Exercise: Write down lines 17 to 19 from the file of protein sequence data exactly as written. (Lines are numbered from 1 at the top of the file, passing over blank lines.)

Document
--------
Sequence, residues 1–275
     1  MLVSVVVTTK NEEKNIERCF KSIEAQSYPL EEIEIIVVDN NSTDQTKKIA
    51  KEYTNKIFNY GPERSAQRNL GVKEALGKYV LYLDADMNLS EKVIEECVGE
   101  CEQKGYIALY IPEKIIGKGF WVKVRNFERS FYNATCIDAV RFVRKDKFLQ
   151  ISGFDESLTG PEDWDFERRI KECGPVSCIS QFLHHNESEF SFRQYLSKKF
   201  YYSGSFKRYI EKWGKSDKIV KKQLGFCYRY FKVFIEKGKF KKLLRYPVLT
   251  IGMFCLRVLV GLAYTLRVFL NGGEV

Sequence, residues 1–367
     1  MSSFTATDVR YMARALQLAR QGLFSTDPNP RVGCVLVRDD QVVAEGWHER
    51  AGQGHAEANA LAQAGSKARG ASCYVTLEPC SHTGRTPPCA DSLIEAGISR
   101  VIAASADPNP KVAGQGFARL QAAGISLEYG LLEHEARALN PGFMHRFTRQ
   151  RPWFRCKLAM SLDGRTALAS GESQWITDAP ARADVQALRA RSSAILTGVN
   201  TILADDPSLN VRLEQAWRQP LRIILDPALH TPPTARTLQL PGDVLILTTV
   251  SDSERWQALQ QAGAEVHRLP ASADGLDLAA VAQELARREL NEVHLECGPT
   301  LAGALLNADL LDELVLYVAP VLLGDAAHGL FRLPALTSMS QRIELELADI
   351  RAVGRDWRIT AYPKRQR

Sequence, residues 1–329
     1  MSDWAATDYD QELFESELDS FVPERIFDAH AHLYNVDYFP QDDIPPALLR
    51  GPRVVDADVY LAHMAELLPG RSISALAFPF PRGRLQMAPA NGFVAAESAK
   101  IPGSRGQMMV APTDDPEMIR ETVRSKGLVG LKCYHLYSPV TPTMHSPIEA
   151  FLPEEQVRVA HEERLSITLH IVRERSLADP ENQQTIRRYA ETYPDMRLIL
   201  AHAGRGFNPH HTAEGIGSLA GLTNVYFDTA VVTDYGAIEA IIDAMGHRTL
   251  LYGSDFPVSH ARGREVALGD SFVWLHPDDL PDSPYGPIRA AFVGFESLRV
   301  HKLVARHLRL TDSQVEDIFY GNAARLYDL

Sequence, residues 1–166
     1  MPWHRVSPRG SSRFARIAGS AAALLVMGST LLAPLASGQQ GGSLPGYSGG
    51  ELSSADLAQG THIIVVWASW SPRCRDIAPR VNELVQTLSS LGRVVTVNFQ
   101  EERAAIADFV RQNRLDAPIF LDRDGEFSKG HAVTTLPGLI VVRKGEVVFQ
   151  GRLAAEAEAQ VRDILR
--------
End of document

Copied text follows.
Sequence, residues 1–329
     1  MSDWAATDYD QELFESELDS FVPERIFDAH AHLYNVDYFP QDDIPPALLR
    51  GPRVVDADVY LAHMAELLPG RSISALAFPF PRGRLQMAPA NGFVAAESAK